As employers adjust to the new age legislation introduced earlier this month, barrister Charles Price outlines why employee training is crucial to avoid legal issues for businesses.
The Employment Equality (Age) Regulations 2006 SI 2006/1031 were made on 3rd April 2006 and came into force on 1st October 2006.The Irish introduced age discrimination provisions through the Employment Equality Act as far back as 1998 and since then, age discrimination cases have constituted 25 percent of all discrimination claims reaching a tribunal. With unlimited compensation being awarded by employment tribunals in discrimination cases and the number of general claims to employment tribunals increasing, businesses and practitioners in England and Wales have every reason to keep one eye the new law.
Under the new law, employers can be held liable for acts of employees who discriminate on grounds of age and so training staff about what is acceptable under the Regulations is vital. Prudent employers will, no doubt, take advice on how to introduce age neutral recruitment, retirement and promotion policies but it is in areas such as instructing staff as to what constitutes 'harassment on the grounds of age' where the role of the trainer will be crucial.
The Regulations* define harassment as 'unwanted conduct which has the purpose or effect of either violating a person's dignity or creating an intimidating, hostile, degrading, humiliating or offensive environment for that person, where such conduct is done 'on grounds of age''. The same law also spells out that conduct will only be regarded as having the effect of creating a 'hostile environment', etc if, having regard to all the circumstances including in particular the perception of the complainant, it should reasonably be considered as having that effect.
The Regulations require that this conduct is 'unwanted'. In other words, it is important for the complainant to make sure that they make it clear that the behaviour in question is unwanted. Harassment of an older person does not necessarily constitute age harassment unless the reason for the conduct in question must be the person’s age in order for harassment to occur.
The Regulations further provide that employers are liable for acts of their workers which are unlawful under the Regulations, unless they have taken reasonable steps to prevent them. It is important therefore for employers to investigate and initiate the disciplinary process if necessary, when complaints are made. Examples of comments, which have been deemed to constitute harassment on the grounds of age in other countries are:
A diary containing 'old git' comments or 'amusing' old age birthday cards, is likely to establish a 'prima facie' case of less favourable treatment on age grounds, on the basis of a discriminatory atmosphere at work. In determining whether that conduct is discriminatory an employment tribunal will consider both objective aspects (does the conduct have the effect of violating a person's dignity or affect the environment?) and the subjective view of the complainant (did the complainant genuinely feel that their dignity was violated by the behaviour in question?).
It is advisable to train staff in what constitutes unacceptable behaviour such as subjecting workers to age related jokes and excluding older employees in social activities on the grounds of age and will help to show a tribunal that the employer has done everything it can to prevent such behaviour. In case of future employment tribunal proceedings, the participant on such a course should sign a form to say that they have undertaken such training.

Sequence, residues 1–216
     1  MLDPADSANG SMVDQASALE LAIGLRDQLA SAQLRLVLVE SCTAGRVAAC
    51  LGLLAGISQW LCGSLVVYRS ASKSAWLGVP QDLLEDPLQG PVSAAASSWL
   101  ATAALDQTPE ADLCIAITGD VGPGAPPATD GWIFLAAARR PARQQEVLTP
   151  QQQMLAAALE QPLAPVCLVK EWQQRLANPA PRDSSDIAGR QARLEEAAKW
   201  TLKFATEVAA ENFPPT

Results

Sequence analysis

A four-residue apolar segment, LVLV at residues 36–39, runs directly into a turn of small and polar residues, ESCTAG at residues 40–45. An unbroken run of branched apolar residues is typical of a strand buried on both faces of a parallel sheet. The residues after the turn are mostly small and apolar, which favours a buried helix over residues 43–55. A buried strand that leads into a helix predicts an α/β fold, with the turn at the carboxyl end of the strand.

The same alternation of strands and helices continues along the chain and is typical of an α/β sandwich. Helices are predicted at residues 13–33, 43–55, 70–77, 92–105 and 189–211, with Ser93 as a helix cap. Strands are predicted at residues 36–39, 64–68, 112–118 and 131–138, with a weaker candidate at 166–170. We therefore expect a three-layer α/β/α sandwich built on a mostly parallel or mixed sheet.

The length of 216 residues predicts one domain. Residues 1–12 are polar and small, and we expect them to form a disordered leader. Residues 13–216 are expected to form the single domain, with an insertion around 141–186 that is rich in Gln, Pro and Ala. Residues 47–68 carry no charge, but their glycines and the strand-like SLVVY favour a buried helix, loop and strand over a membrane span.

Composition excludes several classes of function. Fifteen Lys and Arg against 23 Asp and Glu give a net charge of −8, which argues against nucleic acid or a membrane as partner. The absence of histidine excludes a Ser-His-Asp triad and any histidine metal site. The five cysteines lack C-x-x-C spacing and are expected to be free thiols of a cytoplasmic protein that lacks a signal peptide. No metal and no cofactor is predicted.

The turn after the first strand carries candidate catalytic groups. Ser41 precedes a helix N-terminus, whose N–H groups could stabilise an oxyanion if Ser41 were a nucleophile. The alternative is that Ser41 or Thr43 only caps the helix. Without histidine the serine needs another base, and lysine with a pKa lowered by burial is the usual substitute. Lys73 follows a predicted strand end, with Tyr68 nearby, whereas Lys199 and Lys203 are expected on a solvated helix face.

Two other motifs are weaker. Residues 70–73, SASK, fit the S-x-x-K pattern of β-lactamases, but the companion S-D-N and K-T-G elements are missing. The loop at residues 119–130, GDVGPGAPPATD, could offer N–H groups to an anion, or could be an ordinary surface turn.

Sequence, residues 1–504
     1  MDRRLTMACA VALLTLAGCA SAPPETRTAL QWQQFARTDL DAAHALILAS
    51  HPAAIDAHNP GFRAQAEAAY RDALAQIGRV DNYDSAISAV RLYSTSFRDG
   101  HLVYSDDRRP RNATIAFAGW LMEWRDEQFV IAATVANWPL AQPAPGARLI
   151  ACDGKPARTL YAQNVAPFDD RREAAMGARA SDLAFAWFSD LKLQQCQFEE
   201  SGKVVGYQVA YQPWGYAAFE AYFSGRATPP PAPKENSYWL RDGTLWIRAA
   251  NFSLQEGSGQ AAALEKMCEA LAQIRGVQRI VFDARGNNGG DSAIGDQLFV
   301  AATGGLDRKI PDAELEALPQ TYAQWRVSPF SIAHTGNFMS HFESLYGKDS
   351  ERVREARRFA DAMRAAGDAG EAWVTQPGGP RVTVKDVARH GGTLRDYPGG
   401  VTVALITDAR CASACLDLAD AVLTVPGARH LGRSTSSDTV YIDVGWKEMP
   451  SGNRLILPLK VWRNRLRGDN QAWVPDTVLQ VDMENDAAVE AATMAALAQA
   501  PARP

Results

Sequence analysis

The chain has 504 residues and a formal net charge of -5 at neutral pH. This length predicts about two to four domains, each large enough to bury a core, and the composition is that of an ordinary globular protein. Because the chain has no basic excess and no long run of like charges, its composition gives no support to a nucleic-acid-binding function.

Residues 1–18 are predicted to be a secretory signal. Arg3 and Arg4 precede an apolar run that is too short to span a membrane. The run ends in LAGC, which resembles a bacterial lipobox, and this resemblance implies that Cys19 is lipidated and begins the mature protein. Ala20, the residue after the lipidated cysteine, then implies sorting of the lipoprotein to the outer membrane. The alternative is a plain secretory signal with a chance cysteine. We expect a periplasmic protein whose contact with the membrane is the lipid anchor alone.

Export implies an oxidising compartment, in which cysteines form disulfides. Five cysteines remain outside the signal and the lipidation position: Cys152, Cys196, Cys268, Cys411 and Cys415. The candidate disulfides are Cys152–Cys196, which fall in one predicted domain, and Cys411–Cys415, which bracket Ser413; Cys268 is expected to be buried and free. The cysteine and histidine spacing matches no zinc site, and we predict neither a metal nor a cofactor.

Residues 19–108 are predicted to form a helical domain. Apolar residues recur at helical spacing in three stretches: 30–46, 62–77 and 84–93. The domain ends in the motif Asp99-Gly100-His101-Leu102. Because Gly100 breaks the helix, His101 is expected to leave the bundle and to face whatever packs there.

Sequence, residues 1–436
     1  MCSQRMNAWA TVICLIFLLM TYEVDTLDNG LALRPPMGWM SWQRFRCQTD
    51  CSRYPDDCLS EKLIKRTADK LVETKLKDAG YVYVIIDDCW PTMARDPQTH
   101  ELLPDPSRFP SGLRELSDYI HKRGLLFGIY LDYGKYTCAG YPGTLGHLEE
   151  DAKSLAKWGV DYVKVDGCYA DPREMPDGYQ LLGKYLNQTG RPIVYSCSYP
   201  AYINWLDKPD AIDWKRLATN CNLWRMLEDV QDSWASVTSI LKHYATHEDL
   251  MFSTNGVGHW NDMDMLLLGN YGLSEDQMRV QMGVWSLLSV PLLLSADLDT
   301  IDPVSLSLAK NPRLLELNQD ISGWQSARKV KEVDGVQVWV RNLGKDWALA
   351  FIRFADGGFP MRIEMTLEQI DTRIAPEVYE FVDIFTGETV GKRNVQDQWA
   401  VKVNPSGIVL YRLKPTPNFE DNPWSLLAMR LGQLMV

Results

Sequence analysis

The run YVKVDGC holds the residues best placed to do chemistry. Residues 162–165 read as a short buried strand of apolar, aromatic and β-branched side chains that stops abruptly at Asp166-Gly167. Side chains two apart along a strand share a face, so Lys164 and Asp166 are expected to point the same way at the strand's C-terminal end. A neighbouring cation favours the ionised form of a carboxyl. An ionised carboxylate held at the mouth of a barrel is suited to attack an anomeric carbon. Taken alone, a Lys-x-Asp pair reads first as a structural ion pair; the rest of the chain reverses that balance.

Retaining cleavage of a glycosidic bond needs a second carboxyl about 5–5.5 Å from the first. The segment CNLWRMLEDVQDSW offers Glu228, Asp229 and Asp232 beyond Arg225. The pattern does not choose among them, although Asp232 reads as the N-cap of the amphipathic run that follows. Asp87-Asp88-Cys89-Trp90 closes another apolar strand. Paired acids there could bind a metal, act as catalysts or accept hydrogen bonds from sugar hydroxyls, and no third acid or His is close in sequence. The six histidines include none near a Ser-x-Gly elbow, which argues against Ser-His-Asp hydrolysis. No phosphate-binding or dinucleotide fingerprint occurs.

It is likely that we will see cases brought to an employment tribunal where an employer has withdrawn general training from older employees. It should be noted that staff training aimed at progressing employees' careers can advance an employee in terms of his or her continued progression through the ranks of the company and therefore should be open to all workers regardless of age.
Training in order to allow an older worker to catch up if the action 'prevents or compensates for disadvantages linked to age suffered by persons of that age or age group doing that work or likely to take up that work' is permitted under the new law. Make sure all your personnel staff and line managers are fully aware that the changes are coming in 2006.
In summary trainers should:
- Train staff so that they are fully aware of the behaviour that could be perceived as harassment, direct or indirect discrimination and victimisation on the grounds of age
- Always ensure that staff responsible for selecting and interviewing candidates are trained in equal opportunities and age discrimination.
- Make sure managers and supervisors do not introduce minimum or maximum age "cut-offs" simply because of assumptions about age groups, and that they are aware that age is not a barrier to career progression and promotion.
- Update policies dealing with bullying and harassment to ensure that they include harassment on age grounds and make it clear that such harassment is unlawful and that individuals can be held personally liable as well as, or instead of, the employer.
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" target="_blank">Age positive includes the following resources:
- precedent letters to employees
- an age bias free application form
- all the official Acas and DTI guidance
For an online calculator which takes the new Age Discrimination law into account see:
*The Employment Equality (Age) Regulations 2006 SI 2006/1031 were made on 3 April 2006 and came into force on 1 October 2006. For a full text see:www.opsi.gov.uk
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The author, Charles Price, is an employment lawyer of seven years' call.
The above article is for academic purposes only. Legal considerations must be looked at in the light of the particular circumstances and it may be wise to seek legal advice.